Even in the age of genomics and gene hunters, a holistic view of cell metabolism can result in revolutionary new drugs.
You know that feeling you get the day after an exaggerated attempt at physical exercise, when you suddenly feel sore muscles in places you didn’t know you had any. To the biochemist, this morning after stiffness is textbook material. The muscle ran out of oxygen which the mitochondria – the cell’s power stations – need to burn the glucose derived from carbohydrate foodstuff. In this case, the metabolism produces a deadend product called lactate that is removed so slowly that it still makes you feel bad the next day.
The muscle will have forgotten all about the oxygen crisis three days later, but the brain is much more sensitive to failures of energy supply. Although it makes up only 2% of body weight, the brain of a person at rest consumes around 20% of the oxygen utilised by the body as a whole. Lack of oxygen in the brain can easily become life threatening in a variety of situations including birth complication, decompression of airplanes, heart failure and stroke.
Stroke is the most common and widespread kind of energy crisis in the brain and its effects are as devastating for society as a whole as for the individual. It accounts for more than half of the acute neurological hospitalisations in the USA, and leads to total costs of more than $40 billion. Essentially, the situation at the cellular level is similar to the anoxia in the muscle – the arrest of blood circulation in the vessels blocked by a clot interrupts the oxygen supply. Metabolism produces lactate which by its acidity makes things worse. In most stroke cases, the indirect damage from this loss of blood supply (ischaemia) is far bigger than the direct damage by broken blood vessels surrounding the site of the primary event.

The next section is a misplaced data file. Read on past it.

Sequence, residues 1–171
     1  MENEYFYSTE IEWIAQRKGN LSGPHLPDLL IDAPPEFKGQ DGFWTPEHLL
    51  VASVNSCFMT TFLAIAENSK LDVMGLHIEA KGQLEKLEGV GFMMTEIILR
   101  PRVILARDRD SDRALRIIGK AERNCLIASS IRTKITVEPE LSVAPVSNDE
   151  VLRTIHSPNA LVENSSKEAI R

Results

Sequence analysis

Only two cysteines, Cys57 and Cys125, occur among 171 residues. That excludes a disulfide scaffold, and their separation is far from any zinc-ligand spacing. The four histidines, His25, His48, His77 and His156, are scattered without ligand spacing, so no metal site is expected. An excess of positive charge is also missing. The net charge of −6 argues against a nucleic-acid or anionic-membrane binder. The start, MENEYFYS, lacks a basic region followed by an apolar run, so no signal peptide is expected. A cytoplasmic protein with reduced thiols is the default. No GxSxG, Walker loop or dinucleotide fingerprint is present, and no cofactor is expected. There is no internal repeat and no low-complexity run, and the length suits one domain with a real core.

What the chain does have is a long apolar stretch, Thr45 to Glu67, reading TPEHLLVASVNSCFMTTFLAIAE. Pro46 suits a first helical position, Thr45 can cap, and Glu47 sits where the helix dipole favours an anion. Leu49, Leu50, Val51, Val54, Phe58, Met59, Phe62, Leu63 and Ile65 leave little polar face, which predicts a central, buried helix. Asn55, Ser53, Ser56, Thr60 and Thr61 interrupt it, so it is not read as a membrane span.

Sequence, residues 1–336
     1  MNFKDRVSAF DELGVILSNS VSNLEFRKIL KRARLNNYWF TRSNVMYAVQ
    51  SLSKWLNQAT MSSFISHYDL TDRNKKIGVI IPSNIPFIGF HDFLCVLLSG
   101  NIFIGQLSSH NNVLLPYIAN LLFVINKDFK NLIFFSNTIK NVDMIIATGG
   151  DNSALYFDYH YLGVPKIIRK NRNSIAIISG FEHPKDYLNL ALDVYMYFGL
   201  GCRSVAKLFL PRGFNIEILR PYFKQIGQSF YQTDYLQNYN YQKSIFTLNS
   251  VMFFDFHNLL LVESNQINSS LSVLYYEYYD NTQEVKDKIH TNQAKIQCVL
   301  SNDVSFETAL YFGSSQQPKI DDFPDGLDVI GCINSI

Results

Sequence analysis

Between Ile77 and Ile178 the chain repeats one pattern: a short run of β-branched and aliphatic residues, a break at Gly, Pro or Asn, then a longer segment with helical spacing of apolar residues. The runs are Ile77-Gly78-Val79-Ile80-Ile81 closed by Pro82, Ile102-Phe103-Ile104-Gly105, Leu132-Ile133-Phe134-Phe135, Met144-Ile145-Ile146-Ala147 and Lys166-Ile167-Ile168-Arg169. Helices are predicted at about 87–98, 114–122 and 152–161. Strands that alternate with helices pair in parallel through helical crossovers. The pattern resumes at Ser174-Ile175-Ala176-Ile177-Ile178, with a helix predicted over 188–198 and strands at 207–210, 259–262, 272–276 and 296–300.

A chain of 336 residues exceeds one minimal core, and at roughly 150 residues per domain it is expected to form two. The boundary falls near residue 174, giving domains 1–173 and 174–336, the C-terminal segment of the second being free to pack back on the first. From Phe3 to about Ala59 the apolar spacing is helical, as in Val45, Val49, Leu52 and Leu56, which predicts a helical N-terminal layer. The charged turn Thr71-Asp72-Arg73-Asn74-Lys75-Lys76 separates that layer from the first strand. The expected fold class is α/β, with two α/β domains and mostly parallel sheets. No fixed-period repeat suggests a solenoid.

What can be done to stop this damage after a stroke? So far, doctors can do nothing but try to dissolve the blood clot and hope that at least parts of the damaged brain regions will slowly recover. But some hope for new therapies is found in the independent work of Richard Veech (USA) and Shimizu Pharmaceuticals Co Ltd (Japan). After careful analysis of the complex network of reactions that make up the power generator of the mitochondrion, these researchers have come up with a suggestion of an alternative therapy that could help save lives and livelihoods of stroke patients and others. Because feeding glucose to the oxygen-deprived cell would only make things worse (because of the very same lactate accumulation which makes the muscle feel sore), Veech and the Shimizu group independently entered metabolism by a completely different door, the ketone body route, which can supply energy with a much lower oxygen requirement and, surprisingly, decrease cerebral oedema.
This may sound like a heretic suggestion to physicians, as they associate the accumulation of ketones in the blood with the kind of crisis that can kill diabetics. However, researchers studying the physiology of fasting in the 1960s, including Harvard’s George Cahill and Eric Newsholme, have shown that a mild enrichment of ketone bodies in the blood is actually useful during starvation and probably the reason why humans are much more resistant to extended periods of fasting than many other mammals. The body’s reservoir of storage carbohydrate (glycogen) would only last for a couple of days, and glycerol derived from the triglycerides in fat tissue only for weeks. Thus, the brain’s ability to use ketone bodies as an energy source increases the survival time of an adult human from two or three weeks to two months. However, with the one notable exception of the so-called ‘ketogenic diet’ to treat epileptic children, the therapeutic potential of this effect has not been realised.